Edmunds Scorecard

Overall5.8 / 10


5.5 / 10

Acceleration5.0 / 10
Braking5.5 / 10
Steering7.0 / 10
Handling6.5 / 10
Drivability4.0 / 10


6.0 / 10

Seat comfort5.5 / 10
Ride comfort6.0 / 10
Noise & vibration6.0 / 10


6.0 / 10

Ease of use7.0 / 10
Getting in/getting out7.0 / 10
Roominess7.0 / 10
Visibility6.0 / 10
Quality5.0 / 10


The engine produces only adequate power, the brakes are grabby, and handling is unremarkable. As a result, overall drivability is poor.


The automatic transmission offers manual control and responds intuitively in parking lots and on the highway alike. In Edmunds performance testing, the 500L posted a 0-60 mph time of 8.5 seconds, which is an average for this class.


The 500L lacks stability in panic stops and wiggles considerably from side to side. It's not unsafe, but it also isn't confidence-inspiring. It required 122 feet to stop from 60 mph in our testing, which is average. Pedal response is inconsistent in typical use.


Though the steering is reasonably precise, the Fiat's steering wheel commands a tall vehicle with low grip limits. Quick steering inputs are met with lots of lean and a sense that turning rapidly isn't a 500L strength.


You can hustle the 500L without it being unsafe, but it isn't rewarding or quick-reacting. The limits are modest and end in predictable understeer that the driver can't correct easily. Stability control intervention is aggressive and poorly executed.


The 500L doesn't exhibit the major drivability gaffes with the traditional six-speed automatic the way it did with the dual-clutch automatic (produced before 2015). But it's still never a real pleasure to drive due to the engine's modest, nonlinear power delivery.


Though it can manage short trips well, the 500L isn't a confident or comfortable road tripper. Its stiff ride and hard seat bottoms make it a poor choice for journeys lasting more than an hour.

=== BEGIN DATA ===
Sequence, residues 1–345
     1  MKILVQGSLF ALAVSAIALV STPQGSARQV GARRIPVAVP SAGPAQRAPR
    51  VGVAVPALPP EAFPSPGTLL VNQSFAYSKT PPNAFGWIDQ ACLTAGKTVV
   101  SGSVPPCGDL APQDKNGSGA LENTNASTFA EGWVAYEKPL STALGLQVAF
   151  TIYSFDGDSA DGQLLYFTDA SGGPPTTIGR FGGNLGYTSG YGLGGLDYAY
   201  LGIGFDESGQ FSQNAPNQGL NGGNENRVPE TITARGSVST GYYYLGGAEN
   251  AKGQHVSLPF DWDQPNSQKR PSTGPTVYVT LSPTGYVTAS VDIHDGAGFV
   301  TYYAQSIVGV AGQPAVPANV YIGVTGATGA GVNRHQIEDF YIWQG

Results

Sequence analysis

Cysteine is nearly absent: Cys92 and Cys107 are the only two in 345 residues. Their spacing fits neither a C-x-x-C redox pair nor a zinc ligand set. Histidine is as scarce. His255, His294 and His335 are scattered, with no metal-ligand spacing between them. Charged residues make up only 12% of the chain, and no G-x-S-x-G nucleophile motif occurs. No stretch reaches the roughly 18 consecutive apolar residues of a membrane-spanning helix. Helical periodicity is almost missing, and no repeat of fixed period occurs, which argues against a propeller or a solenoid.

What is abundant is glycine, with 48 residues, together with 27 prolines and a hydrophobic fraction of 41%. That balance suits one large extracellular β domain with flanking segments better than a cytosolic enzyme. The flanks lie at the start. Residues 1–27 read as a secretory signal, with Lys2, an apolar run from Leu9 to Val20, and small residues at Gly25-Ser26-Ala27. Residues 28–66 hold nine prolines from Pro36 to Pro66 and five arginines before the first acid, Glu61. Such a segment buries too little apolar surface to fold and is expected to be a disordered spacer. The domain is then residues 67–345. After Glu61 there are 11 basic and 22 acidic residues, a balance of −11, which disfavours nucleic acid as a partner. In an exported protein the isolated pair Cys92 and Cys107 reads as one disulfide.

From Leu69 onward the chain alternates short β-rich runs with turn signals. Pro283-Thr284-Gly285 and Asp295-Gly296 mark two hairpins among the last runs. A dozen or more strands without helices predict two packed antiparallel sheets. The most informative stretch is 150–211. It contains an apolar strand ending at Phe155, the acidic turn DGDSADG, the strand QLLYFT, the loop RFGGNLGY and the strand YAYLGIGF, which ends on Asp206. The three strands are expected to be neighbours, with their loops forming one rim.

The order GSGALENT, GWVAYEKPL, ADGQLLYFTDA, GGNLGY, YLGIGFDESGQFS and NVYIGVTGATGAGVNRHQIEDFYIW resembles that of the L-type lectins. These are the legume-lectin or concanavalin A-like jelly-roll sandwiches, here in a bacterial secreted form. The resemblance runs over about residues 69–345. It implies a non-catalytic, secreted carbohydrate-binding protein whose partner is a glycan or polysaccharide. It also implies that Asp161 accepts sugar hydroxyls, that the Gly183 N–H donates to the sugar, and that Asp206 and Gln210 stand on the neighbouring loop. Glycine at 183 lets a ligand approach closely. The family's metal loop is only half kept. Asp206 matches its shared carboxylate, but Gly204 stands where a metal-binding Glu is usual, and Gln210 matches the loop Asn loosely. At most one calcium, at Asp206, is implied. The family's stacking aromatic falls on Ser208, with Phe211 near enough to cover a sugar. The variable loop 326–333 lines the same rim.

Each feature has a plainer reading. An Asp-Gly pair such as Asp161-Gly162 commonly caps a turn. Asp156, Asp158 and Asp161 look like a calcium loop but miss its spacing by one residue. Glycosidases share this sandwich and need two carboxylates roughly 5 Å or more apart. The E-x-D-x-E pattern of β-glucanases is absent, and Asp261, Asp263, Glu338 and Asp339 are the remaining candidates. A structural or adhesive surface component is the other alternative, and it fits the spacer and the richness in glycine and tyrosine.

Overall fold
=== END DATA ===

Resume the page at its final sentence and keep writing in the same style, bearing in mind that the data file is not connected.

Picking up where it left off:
Seat comfort5.5

The front seats are highly adjustable, but a good outward view demands a wholly upright seating position, which hurts comfort. The seat bottoms, both front and rear, are extremely hard. The rear seatbacks are rather upright.

Ride comfort6.0

The 500L's ride comfort feels unrefined in the real world. There's ample vertical motion over even small imperfections. Rough roads create vibrations throughout the structure, including the steering wheel. Most competitors are better.

Noise & vibration6.0

Both wind noise and tire noise manage to find their way inside the cabin more frequently than they should. Coarse surfaces and crosswinds pose real problems. Engine noise isn't too loud in normal conditions but can be burdensome at high rpm.


The 500L's double roof-pillar design inhibits quarter-angle visibility in all directions. The rear seats don't fold completely flat, but the movable rear shelf makes up the difference. Even though this is an economically priced car, the materials feel below par.

Ease of use7.0

The trip computer button's location at the end of the wiper stalk is odd, but large air-conditioning knobs, legible displays, and logical placement of most controls make the 500L easy to operate.

Getting in/getting out7.0

The doors lack obvious detents but offer good access to the seats, which are at a convenient height. The doorsills are wide, and grab handles are provided above each door. The rear seats slide fore and aft and tumble forward, but they curiously don't fold flat.


Because the roof is quite high, there's a feeling of openness. Even so, long-torsoed rear passengers will run out of headroom if the optional sunroof is installed.


We appreciate the design idea of double roof pillars, but in practice there are four pillars both front and back, where there could be just two. The standard rearview camera and optional rear parking sensors ease anxiety while in reverse.


Inconsistent panel gaps, less than stellar paint, and below-average fit and finish inside hurt the 500L's score. Most competitors feel better from behind the wheel. Many controls feel hollow and don't give an impression of quality.


The 500L is pretty roomy, with cargo space of 68 cubic feet and behind-the-rear-seat space of 21.3 cubic feet. Small-item storage is OK, with decent-size cupholders, but the door pockets and front bin are all underwhelming.

Edmunds expert review process

This review was written by a member of Edmunds' editorial team of expert car reviewers. Our team drives every car you can buy. We put the vehicles through rigorous testing, evaluating how they drive and comparing them in detail to their competitors.

We're also regular people like you, so we pay attention to all the different ways people use their cars every day. We want to know if there's enough room for our families and our weekend gear and whether or not our favorite drink fits in the cupholder. Our editors want to help you make the best decision on a car that fits your life.